You know that irking, lingering feeling you get when you see a young Cubs hitter go down in a count, or worse, strike out looking, because of a pitch that appeared to be out of the zone?
Well, you’re not being sensitive.
You know that tingly, devious smirk you make when a Cubs pitcher strikes out a batter on a pitch that was clearly out of the zone?
You’re not wrong to make it.
If either of these scenarios feels familiar to you, I have good news: you’re not just being sensitive, you’re not making things up, and you’re not a biased Cubs fan (well, you might be, but just not in this particular case). At least not entirely.
As it turns out, Cubs hitters have definitely gotten more strikes called on them than they should have (bad), and Cubs pitchers have done the same (good).
In an article at FanGraphs, Jeff Sullivan takes a look at the extra strikes for every team, broken apart by hitters and pitchers. The Cubs, it would seem, are just below average in terms of luck at that plate. More specifically, Cubs hitters have been negatively affected by a net of 38 wrongly-called “strikes” so far in 2016, while Cubs pitchers have benefited from 21 wrongly-called “strikes”.
The total difference (-17), is the sixteenth worst total in baseball. For reference, the Brewers, (+111), Pirates (+94) and Astros (+88) lead the way with the most extra strikes in their favor, while the Reds (-105), Padres (-77) and Braves (-65) bring up the rear. The remaining NL Central team, the Cardinals (-34), come in at 20th overall.
But is the Cubs’ placement really such a bad thing? Well, in terms of what could have happened differently in the past, of course. Be it by luck or skill, you’d just prefer the Cubs get as many calls as possible. But those games are in the past and the Cubs have already won a lot of them. What I meant by that question a few sentences back, was what it means for the future.
As Sullivan rightly points out, the pitching half of this equation is a lot “stickier” than the hitting. Why is that? Well, your team is generally a lot more in control of the amount of pitches out of the zone called strikes while on defense, because a team gets to pick its catcher. It’s no surprise, then, that the Brewers (Jonathan Lucroy), the Pirates (Francisco Cervelli) and the Yankees (Brian McCann), and others, are among the teams with the greatest extra strike benefit for their pitchers (good catchers -> good framers -> more called strikes).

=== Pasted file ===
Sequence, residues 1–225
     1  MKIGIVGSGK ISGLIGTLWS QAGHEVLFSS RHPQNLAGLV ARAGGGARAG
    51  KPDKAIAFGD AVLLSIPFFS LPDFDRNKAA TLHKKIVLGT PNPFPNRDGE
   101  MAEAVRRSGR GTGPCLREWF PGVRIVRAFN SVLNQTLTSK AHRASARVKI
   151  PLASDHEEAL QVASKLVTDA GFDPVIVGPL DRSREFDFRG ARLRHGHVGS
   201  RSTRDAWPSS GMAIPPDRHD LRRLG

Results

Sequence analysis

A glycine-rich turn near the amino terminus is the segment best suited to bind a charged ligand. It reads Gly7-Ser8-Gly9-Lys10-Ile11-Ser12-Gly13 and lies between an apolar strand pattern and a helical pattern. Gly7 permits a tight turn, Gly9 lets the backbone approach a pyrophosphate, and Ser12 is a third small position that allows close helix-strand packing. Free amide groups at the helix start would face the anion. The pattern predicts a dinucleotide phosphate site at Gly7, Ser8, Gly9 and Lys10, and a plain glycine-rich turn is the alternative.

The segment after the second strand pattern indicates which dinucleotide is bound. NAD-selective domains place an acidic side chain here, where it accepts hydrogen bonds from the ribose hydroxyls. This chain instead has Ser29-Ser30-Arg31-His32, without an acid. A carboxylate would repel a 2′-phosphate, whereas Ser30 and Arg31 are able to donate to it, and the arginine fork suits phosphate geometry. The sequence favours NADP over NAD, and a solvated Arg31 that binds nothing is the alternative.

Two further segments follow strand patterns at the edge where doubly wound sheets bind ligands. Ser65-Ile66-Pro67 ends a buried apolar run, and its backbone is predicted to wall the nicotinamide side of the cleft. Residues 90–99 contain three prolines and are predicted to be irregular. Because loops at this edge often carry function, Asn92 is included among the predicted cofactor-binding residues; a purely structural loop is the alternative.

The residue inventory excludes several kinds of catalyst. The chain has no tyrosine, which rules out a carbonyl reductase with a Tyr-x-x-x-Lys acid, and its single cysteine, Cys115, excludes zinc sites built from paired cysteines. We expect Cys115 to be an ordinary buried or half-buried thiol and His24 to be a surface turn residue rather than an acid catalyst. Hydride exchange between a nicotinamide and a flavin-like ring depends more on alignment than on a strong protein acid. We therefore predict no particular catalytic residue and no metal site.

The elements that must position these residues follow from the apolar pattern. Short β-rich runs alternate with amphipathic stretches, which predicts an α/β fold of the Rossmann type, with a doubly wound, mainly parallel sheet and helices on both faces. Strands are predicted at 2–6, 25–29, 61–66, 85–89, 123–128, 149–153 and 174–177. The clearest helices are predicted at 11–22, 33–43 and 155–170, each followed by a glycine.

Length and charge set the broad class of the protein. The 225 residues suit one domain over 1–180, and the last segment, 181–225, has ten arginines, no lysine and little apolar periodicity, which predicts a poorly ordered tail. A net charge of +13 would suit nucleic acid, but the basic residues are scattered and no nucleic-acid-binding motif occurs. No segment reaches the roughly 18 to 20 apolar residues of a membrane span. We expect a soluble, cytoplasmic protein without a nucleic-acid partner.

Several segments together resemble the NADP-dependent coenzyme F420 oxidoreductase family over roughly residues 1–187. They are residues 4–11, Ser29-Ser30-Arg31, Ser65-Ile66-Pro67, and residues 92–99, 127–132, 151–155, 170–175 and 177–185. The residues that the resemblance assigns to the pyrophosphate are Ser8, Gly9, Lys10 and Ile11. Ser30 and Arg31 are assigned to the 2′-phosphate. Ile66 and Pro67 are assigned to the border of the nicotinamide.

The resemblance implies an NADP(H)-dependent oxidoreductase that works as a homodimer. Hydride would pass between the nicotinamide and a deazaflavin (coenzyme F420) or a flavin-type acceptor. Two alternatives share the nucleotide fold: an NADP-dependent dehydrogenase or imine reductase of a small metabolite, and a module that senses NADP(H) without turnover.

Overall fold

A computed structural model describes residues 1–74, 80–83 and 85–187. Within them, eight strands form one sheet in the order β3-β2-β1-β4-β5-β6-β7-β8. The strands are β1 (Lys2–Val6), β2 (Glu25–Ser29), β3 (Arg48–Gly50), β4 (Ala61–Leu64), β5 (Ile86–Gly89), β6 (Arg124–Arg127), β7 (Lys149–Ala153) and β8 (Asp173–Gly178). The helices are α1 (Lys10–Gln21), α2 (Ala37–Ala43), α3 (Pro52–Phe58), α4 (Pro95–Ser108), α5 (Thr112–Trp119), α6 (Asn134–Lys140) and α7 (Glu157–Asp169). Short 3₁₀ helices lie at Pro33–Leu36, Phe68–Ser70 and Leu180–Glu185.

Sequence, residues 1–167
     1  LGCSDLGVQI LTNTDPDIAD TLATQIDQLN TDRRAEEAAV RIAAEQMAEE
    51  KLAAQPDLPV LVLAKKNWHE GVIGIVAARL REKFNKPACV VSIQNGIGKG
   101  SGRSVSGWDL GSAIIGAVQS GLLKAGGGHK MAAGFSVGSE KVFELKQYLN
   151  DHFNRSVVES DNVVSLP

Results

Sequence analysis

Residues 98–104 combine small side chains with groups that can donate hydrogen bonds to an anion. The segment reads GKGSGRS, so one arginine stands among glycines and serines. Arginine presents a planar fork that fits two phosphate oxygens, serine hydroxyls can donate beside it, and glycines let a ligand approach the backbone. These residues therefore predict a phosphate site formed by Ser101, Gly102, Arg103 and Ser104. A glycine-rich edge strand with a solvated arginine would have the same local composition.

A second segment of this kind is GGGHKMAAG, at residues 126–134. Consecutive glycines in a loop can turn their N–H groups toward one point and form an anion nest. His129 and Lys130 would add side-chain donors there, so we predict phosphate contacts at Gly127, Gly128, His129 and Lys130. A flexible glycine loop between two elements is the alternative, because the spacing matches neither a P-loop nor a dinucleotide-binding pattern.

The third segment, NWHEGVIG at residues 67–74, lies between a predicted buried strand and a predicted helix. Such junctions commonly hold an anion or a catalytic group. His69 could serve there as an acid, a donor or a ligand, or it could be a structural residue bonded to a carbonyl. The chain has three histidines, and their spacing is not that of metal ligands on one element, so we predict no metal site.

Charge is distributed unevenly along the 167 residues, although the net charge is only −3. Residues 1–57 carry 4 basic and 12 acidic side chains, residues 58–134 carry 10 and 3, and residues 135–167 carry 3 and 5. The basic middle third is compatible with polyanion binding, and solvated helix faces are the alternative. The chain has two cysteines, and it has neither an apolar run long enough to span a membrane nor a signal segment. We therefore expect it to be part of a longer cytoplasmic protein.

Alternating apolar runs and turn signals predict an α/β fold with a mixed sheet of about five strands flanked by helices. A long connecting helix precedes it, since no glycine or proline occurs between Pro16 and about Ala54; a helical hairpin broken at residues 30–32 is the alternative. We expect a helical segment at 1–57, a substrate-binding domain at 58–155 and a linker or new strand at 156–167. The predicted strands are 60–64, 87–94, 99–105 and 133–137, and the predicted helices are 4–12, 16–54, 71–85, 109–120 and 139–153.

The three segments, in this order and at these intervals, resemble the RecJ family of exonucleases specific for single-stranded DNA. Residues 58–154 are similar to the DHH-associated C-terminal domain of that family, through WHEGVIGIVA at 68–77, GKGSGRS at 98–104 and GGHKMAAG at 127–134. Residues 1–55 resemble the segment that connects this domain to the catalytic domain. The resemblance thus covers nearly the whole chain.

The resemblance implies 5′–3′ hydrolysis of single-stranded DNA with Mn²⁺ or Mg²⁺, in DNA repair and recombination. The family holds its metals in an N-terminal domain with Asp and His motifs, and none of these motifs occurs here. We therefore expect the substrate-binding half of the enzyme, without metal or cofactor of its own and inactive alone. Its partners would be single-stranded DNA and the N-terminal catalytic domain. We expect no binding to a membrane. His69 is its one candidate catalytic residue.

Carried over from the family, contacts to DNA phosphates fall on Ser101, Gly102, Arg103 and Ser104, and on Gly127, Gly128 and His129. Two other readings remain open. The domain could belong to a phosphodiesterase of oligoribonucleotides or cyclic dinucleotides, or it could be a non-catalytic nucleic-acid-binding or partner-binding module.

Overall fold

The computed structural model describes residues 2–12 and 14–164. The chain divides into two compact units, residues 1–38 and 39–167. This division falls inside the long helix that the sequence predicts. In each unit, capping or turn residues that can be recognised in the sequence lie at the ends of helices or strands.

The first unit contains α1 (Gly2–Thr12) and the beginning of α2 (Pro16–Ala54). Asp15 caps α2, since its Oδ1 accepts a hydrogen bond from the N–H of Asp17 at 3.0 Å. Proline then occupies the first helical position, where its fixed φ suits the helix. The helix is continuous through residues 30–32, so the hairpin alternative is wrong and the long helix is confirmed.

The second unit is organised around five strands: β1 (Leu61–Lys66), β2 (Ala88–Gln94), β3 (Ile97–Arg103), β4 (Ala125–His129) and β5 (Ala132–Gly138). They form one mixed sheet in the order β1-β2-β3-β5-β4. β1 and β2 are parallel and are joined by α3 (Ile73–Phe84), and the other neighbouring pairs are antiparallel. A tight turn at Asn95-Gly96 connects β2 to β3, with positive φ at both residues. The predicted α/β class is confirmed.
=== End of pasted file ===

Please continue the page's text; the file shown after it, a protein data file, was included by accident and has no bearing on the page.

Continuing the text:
The Cubs’ extra strike benefit for pitchers (+21), was aided in no small part by the typically-excellent framing of Miguel Montero and David Ross. For the most part, you can expect that number to stay roughly (and relatively) similar all year.
But as an offense, you’re constantly dealing with different catchers and pitchers day after day. The amount of variance makes the extra strikes for hitters number inherently less sticky. It is to that end, then, that you can expect some good news for the Cubs. Given enough time, the Cubs -38 “extra” strikes for hitters should positively regress to a more average figure, which could mean a lot of good things for their offense – an offense that was already clicking on a fairly high level (.335 wOBA, 5th best in baseball). None of this is guaranteed, of course, but isn’t it a lovely thought?
I thought so, too.